* Consumer goods, pharmas seen too expensive-poll
* Investors to increase equity allocations-poll
* Midcaps favoured amid risk-taking mood-poll
By Himank Sharma and Aditya Kalra
MUMBAI/NEW DELHI, Oct 3 Fund managers have
responded quickly to New Delhi's economic reform drive, selling
expensive consumer stocks in favour of the construction-related
shares they expect to benefit most from new government
initiatives to bolster India's sagging infrastructure, a Reuters
Fund managers are also increasing their allocations to
financial companies on expectations the central bank will lower
interest rates after India recently announced fiscal and
economic reforms, the survey found.
The portfolio changes occur amid a stock market rally that
is encouraging fund managers to increase their exposure to
equities in coming months.
"It is of course the valuation, but more importantly it is
the renewed belief there will be some more reform measures aimed
at fixing India's ailing infrastructure," said Waqar Naqvi,
Chief Executive at Taurus Mutual Fund.
The Reuters poll on asset allocation showed the overwhelming
majority favored construction or related stocks for the next
three months. India has announced plans to award 9,500 kms of
road projects in the fiscal year to March 2013, and commission
three new airports, among other initiatives.
Recent gains in shares such as cement manufacturer Ambuja
Cements to record highs show valuations also favour
construction-related sectors, especially against defensive
sectors such as consumer goods and pharmaceuticals that had
outperformed earlier this year.
Stocks such as cigarette maker ITC had been among
the top gainers this year, as they were seen as companies with
good earnings prospects and able to withstand the volatility
then gripping markets.
However, the wave of fiscal and economic reforms from the
government, which have included raising subsidised diesel
prices, along with global stimulus measures, are now favouring
cyclicals and other sectors, according to fund managers.
In the survey, seven said they would cut their holdings of
consumer non-durables and three were neutral on the sector.
The Fast Moving Consumer Goods index at the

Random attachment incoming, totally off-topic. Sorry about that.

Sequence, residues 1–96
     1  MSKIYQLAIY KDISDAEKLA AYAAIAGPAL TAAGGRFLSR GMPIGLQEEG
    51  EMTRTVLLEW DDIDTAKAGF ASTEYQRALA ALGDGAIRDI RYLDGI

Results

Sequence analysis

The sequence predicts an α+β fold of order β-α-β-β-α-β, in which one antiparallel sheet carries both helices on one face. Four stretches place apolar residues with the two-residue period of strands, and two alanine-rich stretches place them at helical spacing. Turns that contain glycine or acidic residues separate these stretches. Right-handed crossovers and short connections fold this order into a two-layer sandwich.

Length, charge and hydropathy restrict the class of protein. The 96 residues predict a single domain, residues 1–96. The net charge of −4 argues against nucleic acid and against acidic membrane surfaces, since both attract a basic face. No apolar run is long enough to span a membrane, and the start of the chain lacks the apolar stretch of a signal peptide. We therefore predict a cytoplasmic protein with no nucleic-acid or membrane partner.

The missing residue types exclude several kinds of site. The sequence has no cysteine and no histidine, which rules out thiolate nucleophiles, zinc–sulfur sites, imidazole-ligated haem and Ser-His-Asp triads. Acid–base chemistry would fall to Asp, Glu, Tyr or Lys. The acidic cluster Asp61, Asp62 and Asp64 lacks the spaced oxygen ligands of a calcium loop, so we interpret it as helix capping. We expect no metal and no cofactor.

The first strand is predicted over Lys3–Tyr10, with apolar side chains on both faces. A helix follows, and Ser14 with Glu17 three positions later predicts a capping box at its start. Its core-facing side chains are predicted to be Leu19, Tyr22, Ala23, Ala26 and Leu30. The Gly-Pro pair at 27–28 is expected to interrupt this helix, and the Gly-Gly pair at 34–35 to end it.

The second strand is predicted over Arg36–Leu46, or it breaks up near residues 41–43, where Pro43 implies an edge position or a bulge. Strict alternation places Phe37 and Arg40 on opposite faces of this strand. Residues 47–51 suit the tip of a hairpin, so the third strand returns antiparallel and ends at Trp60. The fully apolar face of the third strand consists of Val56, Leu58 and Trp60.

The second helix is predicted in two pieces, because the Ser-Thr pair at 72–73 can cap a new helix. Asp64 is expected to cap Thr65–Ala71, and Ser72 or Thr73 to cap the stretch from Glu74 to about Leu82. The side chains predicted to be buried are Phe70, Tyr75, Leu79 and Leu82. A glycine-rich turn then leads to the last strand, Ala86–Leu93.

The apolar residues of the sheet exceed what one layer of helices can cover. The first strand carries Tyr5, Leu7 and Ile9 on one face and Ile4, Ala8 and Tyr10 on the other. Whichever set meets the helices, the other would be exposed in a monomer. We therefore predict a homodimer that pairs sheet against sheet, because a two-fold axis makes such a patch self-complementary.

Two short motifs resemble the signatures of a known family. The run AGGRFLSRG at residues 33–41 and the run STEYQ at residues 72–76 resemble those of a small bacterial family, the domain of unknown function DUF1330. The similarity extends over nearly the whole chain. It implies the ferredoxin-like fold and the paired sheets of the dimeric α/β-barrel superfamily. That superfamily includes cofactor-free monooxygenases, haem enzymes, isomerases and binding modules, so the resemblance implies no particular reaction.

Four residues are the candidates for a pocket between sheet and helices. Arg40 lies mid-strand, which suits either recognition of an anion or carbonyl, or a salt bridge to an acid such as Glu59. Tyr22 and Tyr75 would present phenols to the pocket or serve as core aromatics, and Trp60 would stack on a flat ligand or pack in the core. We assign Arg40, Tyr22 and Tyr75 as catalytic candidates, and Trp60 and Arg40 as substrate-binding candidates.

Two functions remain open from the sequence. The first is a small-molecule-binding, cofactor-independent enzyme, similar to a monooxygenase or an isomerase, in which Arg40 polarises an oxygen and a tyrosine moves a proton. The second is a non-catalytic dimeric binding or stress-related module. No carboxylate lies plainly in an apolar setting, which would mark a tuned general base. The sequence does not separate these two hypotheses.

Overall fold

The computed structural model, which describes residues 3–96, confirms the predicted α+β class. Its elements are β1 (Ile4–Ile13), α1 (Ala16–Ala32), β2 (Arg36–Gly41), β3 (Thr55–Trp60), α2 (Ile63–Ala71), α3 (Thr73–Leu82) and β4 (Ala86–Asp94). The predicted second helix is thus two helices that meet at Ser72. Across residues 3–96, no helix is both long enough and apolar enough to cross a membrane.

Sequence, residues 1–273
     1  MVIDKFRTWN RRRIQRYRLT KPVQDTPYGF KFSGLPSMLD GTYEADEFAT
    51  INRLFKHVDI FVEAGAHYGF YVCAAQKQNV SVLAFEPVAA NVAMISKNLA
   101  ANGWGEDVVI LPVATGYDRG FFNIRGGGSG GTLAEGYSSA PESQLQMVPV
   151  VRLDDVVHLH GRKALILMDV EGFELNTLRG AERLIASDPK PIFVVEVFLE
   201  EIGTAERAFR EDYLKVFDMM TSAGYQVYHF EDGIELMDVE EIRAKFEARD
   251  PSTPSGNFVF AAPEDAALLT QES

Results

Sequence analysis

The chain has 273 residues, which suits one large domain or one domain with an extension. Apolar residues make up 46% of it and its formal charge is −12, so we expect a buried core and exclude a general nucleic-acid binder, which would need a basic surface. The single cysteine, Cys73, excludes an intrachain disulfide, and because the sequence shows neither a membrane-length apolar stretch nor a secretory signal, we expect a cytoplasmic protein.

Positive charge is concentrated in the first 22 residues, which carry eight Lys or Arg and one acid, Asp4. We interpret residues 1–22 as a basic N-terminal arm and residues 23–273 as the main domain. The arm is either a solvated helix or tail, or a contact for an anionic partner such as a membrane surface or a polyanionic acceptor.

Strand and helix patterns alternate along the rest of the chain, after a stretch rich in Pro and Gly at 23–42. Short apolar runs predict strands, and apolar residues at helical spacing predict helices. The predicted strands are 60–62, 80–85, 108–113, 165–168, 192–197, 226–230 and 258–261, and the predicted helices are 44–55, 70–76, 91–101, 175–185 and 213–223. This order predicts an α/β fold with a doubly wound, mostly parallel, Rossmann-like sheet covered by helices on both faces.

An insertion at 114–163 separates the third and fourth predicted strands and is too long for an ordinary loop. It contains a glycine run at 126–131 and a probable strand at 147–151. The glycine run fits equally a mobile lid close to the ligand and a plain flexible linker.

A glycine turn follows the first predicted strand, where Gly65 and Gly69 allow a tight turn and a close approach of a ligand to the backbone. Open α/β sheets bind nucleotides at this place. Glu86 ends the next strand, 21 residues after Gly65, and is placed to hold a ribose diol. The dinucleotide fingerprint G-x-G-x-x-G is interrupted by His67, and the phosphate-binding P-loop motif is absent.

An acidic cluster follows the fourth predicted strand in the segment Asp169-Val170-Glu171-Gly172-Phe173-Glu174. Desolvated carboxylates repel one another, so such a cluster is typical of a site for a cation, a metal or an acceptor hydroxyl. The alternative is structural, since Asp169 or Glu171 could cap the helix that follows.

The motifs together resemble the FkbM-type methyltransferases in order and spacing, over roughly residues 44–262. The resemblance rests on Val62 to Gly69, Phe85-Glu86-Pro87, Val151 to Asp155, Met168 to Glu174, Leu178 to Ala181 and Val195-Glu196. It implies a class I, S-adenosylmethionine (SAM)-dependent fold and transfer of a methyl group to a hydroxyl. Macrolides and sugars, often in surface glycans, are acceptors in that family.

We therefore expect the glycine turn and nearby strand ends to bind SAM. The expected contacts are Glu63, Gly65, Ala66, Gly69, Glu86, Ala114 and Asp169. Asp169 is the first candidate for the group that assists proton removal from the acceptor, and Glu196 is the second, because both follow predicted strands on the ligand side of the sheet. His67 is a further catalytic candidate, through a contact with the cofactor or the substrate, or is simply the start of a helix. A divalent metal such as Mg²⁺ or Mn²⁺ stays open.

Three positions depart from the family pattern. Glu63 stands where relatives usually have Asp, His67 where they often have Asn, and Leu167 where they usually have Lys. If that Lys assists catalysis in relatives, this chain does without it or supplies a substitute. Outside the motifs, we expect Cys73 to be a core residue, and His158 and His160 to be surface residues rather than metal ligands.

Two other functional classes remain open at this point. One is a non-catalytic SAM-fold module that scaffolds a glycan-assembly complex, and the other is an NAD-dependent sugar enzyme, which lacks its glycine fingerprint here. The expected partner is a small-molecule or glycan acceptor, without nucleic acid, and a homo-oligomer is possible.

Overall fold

National Stock Exchange rose 39 percent this year as of Monday's
close, and FMCG stocks in India are trading at a multiple of
1.27 to their average intrinsic value according to StarMine
That compares to 0.75 for engineering and
construction-related shares and 0.53 for banking and
finance-related shares, the other big sector benefiting from
increased allocation from fund managers.
A multiple of 1 on this valuation ratio implies a sector or
a stock is fairly valued.
The financial sector could benefit as the Reserve Bank of
India is expected to cut interest rates as early as October, and
ease monetary policy further in the months ahead.
"Some major banks have always been part of our portfolio,
but now is the time to go after some of the smaller names," said
Nandkumar Surti, chief executive of JPMorgan Asset Management
India Pvt Ltd said.
Seven of the 11 respondents said they would increase their
equity allocation over the next three months and none of those
polled were willing to pare their bets on the market, even after
$1.21 billion has been withdrawn from such funds in the year to
August, according to industry data.
That increased willingness to take on more risk in stock
markets is being reflected in the push to mid-caps: nine of the
11 polled were looking to increase allocation in this segment,
often at the expense of larger stocks.
"Typically mid-caps are more vulnerable during a bad
environment, but they also go up faster than large-caps when
markets improve," said Jayesh Shroff, an equity fund manager at
SBI Mutual Funds.
(Editing by Rafael Nam and Eric Meijer)